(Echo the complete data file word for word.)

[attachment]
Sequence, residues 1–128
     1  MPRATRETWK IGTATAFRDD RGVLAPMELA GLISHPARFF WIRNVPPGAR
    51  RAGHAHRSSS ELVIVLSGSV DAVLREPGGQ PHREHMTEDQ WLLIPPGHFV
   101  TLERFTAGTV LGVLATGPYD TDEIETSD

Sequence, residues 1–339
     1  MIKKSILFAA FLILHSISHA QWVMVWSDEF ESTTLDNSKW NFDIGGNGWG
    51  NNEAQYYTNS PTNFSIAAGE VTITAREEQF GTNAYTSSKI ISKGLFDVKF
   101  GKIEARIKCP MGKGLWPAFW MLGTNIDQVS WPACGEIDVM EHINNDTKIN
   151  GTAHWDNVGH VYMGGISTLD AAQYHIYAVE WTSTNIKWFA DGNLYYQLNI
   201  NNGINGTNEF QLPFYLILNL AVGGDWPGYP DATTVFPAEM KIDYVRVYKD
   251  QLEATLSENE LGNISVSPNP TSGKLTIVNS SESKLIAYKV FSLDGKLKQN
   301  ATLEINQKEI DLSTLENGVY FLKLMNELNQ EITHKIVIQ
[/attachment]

Sequence, residues 1–128
     1  MPRATRETWK IGTATAFRDD RGVLAPMELA GLISHPARFF WIRNVPPGAR
    51  RAGHAHRSSS ELVIVLSGSV DAVLREPGGQ PHREHMTEDQ WLLIPPGHFV
   101  TLERFTAGTV LGVLATGPYD TDEIETSD

Sequence, residues 1–339
     1  MIKKSILFAA FLILHSISHA QWVMVWSDEF ESTTLDNSKW NFDIGGNGWG
    51  NNEAQYYTNS PTNFSIAAGE VTITAREEQF GTNAYTSSKI ISKGLFDVKF
   101  GKIEARIKCP MGKGLWPAFW MLGTNIDQVS WPACGEIDVM EHINNDTKIN
   151  GTAHWDNVGH VYMGGISTLD AAQYHIYAVE WTSTNIKWFA DGNLYYQLNI
   201  NNGINGTNEF QLPFYLILNL AVGGDWPGYP DATTVFPAEM KIDYVRVYKD
   251  QLEATLSENE LGNISVSPNP TSGKLTIVNS SESKLIAYKV FSLDGKLKQN
   301  ATLEINQKEI DLSTLENGVY FLKLMNELNQ EITHKIVIQ